Bend, OR: Foodies Flocking to Cart Cuisine

By Mackenzie Wilson | KTVZ.COM

BEND, Ore. — Chopping, topping, and baking, close-quarters cooking in food carts is taking over the streets of Bend.

“We don’t have a menu up in the window. We don’t have an open and closed door sign,” Marz Cart owner Matt Davis said MondayA few years ago, food carts may have had a less tasty reputation.

But now, foodies flock to them for fresh, local dining.Many of the mobile eateries move quite often, while others like Spork have taken up permanent residence.Alex Mackay, owner of The Pizza Cart, says success is three parts taste, one part location.

“A lot of the food carts around town have shown that the food is the most important thing,” said Mackay. “People will sort of, ‘If you build it, they will come.

‘”With dishes like, Asian baby back ribs, coconut green curry and marionberry apple pie, it’s a wonder some Bendites aren’t forgetting all about traditional restaurants.

Joette Reed loves taking her handmade pies hot out of the oven and putting them right into her regulars’ hands. She just hopes The Honey Pot’s presence downtown, isn’t cooking up controversy.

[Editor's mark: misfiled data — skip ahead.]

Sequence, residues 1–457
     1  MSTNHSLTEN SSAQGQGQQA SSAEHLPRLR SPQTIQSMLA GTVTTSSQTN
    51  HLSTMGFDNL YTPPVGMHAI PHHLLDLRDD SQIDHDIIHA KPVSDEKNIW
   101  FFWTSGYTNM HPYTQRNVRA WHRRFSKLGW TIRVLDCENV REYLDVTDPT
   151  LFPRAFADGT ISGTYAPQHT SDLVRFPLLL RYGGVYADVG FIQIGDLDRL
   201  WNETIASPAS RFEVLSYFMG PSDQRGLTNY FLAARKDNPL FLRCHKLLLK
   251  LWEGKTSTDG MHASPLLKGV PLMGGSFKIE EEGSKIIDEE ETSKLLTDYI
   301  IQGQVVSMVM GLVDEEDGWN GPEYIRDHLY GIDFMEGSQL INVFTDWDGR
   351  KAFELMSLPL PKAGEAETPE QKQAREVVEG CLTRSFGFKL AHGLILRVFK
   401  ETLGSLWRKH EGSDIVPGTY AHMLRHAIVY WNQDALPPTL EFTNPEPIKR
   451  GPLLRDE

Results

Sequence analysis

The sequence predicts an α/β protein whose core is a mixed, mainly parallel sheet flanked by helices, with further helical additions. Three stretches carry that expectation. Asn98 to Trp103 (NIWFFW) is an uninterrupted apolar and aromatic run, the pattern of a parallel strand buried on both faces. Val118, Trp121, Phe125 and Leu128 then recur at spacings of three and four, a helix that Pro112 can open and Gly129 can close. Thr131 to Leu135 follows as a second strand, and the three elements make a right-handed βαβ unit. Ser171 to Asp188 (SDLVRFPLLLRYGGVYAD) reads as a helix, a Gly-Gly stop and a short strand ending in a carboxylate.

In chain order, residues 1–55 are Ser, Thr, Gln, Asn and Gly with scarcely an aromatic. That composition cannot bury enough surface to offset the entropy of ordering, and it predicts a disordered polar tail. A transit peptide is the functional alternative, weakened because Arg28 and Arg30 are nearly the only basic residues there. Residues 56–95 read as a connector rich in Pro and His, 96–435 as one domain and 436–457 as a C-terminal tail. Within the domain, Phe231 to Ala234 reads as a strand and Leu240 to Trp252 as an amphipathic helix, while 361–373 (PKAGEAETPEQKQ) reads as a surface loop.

“Our average check is maybe $8, and most of the restaurants in town are quite a bit more than that,” she said. “So I don’t really think we’re stepping on too many toes.

“Just like any restaurant, food carts have to pass state health regulations, get a business license and insurance.  But unlike their brick and mortar counterparts, they’re able to skirt the high costs of rent and set up shop on private property with a handshake agreement.

Some owners say the lack of a lease leaves room for low prices.

“We’re trying to bring back high-end street food, but not high-end prices,” said Davis.While the lucky ones have been able to find free spots in local parking lots, downtown is also home to several food carts.Eight currently have permits with the city of Bend. That means they pay an annual fee and a deposit, adding up to around $400 to stake out a spot for the year.

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